Ciliary motility is dependent upon dynein-driven sliding of microtubules. Attention has been focussed on the molecular biology and mechanochemistry of dynein, via techniques involving mutant analysis and in vitro motility measurements. In Chlamydomonas, Tetrahymena and Paramecium, the best studied protistan genera, the outer dynein arm is a compacted three-headed heterotrimeric bouquet. Every bouquet is identical, while each ATPase head of the bouquet is coded by a different dynein heavy (H) chain gene. One H chain (Paramecium α) binds a 29 kDa regulatory light chain whose phosphorylation increases the velocity of sliding of the dynein, which in turn increases ciliary beat frequency. At least seven different H chains within a 96 nm spoke group repeat form the inner dynein arms. The structural organization of the inner arms is complex, and several models have been proposed. The inner dynein arms evidently control bend formation. Their activity also changes upon phosphorylation or dephosphorylation, the signal for which is transduced via the spoke-central sheath complex and a dynein-regulatory complex that lies adjacent to the arms on the doublet. How inner and outer arms operate coordinately is not understood. The outer dynein arms have a strong attachment and force-producing phase that is very short (1%) compared to their cycle time. Only a few dynein steps probably occur per doublet during an effective stroke, which suggests that arm activity on an active doublet is stochastic. The orientation of the central pair within the axoneme determines the plane of bending, probably by dividing the doublets into active and inactive half axonemes, according to a switch point model. Computer reconstructions and analytical techniques such as finite element analysis are useful tools of exploring this model. Although many aspects of the mechanism of bend production and propagation still remain either undefined or controversial, a general outline is beginning to emerge.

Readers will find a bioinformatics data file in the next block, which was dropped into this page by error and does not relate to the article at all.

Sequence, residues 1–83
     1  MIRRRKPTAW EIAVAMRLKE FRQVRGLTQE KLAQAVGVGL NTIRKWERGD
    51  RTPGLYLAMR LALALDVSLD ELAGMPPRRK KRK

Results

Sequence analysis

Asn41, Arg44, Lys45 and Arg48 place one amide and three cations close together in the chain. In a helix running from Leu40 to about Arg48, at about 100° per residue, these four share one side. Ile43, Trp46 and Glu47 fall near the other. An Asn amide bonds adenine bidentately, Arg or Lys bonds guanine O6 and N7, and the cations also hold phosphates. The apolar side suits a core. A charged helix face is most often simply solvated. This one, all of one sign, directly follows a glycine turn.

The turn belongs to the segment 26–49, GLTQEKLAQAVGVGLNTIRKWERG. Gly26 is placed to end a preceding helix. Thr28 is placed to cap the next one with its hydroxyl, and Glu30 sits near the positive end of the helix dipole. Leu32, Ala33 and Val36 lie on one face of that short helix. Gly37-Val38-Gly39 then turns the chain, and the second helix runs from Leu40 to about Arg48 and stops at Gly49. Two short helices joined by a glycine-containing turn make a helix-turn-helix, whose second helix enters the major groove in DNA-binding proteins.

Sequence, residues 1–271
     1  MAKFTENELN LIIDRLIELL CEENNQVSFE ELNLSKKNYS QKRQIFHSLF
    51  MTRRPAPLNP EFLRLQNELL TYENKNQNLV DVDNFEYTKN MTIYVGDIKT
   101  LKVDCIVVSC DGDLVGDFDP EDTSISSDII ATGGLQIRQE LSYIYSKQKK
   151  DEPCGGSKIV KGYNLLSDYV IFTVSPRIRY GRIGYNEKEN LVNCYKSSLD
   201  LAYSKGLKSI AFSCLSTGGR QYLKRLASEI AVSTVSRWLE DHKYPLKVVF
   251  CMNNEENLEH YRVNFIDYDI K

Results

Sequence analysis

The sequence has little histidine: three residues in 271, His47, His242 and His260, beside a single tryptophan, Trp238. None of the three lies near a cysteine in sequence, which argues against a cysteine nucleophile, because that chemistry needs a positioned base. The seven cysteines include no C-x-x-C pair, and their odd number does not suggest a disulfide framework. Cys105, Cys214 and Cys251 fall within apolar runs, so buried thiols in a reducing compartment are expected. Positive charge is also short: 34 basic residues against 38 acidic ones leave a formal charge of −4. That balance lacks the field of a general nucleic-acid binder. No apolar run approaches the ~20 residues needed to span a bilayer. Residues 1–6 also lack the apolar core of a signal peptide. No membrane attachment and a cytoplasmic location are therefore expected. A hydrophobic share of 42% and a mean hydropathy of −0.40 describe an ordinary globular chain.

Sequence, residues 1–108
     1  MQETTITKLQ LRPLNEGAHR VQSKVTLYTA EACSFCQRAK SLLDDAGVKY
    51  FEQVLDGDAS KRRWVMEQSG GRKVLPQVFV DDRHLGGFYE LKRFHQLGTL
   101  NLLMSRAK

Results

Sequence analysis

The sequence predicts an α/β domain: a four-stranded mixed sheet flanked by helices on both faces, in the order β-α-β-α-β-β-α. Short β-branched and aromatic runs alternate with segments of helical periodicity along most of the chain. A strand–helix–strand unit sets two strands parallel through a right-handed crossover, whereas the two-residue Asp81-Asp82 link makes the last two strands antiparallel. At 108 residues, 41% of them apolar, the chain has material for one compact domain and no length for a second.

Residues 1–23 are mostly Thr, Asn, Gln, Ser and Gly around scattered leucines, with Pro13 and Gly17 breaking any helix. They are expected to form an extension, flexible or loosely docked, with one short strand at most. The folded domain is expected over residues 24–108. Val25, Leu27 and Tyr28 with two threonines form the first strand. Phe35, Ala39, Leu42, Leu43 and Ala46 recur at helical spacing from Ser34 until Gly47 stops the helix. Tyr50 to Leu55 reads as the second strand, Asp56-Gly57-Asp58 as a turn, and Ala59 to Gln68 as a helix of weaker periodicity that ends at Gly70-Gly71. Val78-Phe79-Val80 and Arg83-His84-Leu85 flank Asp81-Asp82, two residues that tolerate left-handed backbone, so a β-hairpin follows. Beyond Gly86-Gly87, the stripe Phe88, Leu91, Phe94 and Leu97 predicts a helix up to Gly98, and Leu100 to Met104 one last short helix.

- Protistan motility
ASJC Scopus subject areas